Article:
We returned to Phnom Penh to collect our bags and stay one more night before heading north to Siem Reap. As it turned out we were sharing a dorm room with two other EPIK teachers from South Korea who, as it transpired, I had met at orientation a year ago and Billy had met in downtown Daegu. Small world! They ended up getting the same bus as us to Siem Reap and we’re currently staying at the same hotel here.
This week we spent two days exploring the temples of Angkor. I won’t bore you with the details, but needless to say it has been incredible – the temples are absolutely mind-blowing. Unfortunately I wasn’t allowed up the main tower of Angkor Wat as I wasn’t suitably clothed (you could see my knees – hussy!). I did however climb one temple called Pre Rup which was spectacular. On reaching the top, I was struck by the number of people who were just sitting there, enjoying the view and contemplating life. After a few minutes of doing the same, I began to wonder whether they were actually still contemplating life, or whether their thoughts had moved on to more pertinent matters such as “how the hell am I going to get back down those f*cking stairs”. There’s only so long I can pretend to enjoy something, so eventually I was forced to hand my bag over to Billy “They Named A Goat After Me” Stevenson and began my slow and clumsy descent. Let it be said, I have not had an aversion to heights or stairs since I bungy jumped and threw myself head first down a flight of stairs in London, breaking my femur. Clearly those two events were not simultaneous, but both have left me very nervous of heights and precipitous staircases! I noticed several people bounding past me down the temple face like mountain goats, but I would venture to say my movements were more sloth-like. Anyhow, I made it to the bottom safely and in one piece, so I guess that’s the main thing.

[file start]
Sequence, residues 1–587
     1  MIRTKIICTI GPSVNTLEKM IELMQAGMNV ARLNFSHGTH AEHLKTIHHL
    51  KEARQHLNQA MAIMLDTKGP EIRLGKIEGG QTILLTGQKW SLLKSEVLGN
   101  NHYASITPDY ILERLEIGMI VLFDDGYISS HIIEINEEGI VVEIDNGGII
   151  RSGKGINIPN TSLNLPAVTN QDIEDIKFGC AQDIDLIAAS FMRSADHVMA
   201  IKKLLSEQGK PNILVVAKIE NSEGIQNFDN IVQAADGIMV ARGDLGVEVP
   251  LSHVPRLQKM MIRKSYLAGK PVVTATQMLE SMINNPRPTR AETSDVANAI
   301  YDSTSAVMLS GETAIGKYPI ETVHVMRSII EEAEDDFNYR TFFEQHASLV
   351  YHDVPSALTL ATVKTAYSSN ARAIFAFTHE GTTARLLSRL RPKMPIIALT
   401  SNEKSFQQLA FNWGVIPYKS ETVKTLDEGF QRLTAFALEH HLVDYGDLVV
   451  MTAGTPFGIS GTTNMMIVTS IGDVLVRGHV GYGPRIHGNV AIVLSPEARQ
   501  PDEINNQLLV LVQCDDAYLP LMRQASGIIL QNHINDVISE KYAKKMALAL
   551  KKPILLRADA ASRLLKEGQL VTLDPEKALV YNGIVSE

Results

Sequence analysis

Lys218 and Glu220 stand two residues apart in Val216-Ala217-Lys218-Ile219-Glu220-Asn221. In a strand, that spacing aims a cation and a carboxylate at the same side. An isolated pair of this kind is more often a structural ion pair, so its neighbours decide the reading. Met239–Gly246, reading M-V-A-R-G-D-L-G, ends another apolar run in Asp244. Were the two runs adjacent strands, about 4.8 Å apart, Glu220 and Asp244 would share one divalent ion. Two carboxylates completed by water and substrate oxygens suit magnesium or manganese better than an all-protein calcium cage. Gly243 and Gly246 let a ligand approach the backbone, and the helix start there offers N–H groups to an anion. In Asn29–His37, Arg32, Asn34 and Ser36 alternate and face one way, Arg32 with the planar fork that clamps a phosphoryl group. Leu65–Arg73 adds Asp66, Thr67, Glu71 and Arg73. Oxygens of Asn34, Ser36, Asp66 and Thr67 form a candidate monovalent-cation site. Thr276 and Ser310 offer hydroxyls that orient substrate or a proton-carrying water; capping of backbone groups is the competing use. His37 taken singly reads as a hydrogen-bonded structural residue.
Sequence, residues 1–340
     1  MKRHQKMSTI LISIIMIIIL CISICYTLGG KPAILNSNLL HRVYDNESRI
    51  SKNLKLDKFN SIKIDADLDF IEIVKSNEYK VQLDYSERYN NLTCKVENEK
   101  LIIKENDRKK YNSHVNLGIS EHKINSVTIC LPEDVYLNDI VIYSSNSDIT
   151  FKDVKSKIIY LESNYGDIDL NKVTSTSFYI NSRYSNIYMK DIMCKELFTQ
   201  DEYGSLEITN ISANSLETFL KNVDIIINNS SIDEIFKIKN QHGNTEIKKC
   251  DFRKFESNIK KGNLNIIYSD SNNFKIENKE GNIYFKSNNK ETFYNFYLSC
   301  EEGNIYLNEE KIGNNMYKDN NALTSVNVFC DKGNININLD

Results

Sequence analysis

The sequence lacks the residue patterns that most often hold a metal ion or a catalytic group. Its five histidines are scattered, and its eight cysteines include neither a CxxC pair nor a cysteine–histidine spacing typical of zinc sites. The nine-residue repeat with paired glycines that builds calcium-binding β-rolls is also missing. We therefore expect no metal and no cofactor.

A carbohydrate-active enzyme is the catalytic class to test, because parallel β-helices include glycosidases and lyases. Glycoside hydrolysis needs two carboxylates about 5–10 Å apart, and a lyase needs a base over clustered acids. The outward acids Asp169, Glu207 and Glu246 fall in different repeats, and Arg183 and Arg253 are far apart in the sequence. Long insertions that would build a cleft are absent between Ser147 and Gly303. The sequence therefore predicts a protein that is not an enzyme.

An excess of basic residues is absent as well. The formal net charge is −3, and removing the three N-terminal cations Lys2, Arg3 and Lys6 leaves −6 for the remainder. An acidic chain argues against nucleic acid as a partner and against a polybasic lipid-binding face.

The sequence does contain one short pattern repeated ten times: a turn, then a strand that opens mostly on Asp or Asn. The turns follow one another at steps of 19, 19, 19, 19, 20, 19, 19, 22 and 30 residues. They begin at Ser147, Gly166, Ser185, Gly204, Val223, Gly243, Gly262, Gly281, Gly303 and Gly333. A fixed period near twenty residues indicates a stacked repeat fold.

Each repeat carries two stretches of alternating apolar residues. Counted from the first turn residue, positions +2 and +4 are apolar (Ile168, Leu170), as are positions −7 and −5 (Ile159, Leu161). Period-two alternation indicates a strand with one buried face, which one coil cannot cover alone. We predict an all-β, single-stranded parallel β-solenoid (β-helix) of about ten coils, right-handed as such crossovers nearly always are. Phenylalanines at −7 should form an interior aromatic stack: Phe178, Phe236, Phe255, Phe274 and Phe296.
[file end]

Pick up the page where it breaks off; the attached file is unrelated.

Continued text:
My two favourite temples so far have been Ta Prohm (the temple in which parts of Tomb Raider were filmed) and Kbal Spean – a river and waterfall located deep in the jungle around 45 kilometres north east of Ta Prohm. It isn’t strictly a ‘temple’, but rather a series of carvings in and around the river dating back to as early as the 11th century. It pre-dates Angkor Wat by almost 200 years, making it one of the most ancient sites in the entire region.

Right now I’m kicking back in my hotel room relaxing – it’s 33 degrees outside and 70 percent humidity which doesn’t make for ideal daytime exploring conditions. I’ve also managed to pick up some sort of cold or flu virus and eye infection so am trying to get a bit of rest before we head into Laos on Friday. Siem Reap is a hedonists paradise – a good meal out will set you back around $3, cocktails $1 each and a one-hour full body massage anywhere from $3. Our hotel is situated less than five minutes walk from the central district (ingeniously named ‘Pub Street’) and the night markets – my bag is quite literally bulging with dresses right now. I think I need to book myself into Dressaholics Anonymous after the purchase of my tenth and eleventh dresses last night. Although to be fair they aren’t all for me… (well, 2 aren’t).

More from Laos soon!


  1. You bought a dress for me? Why you shouldn't have!

    I think you got the same bus that I got from Hue to Hoi An. Even the same Karaoke DVD.

    I also caught some lovely flu bug when when in SR and spent most of my 3 days there in bed instead of at the temples. I turned down offers by my moto driver to take me to visit the local hospital though.

  2. I don't wear dresses. Live feed shows me as a visitor from Christchurch..&^^%$#!!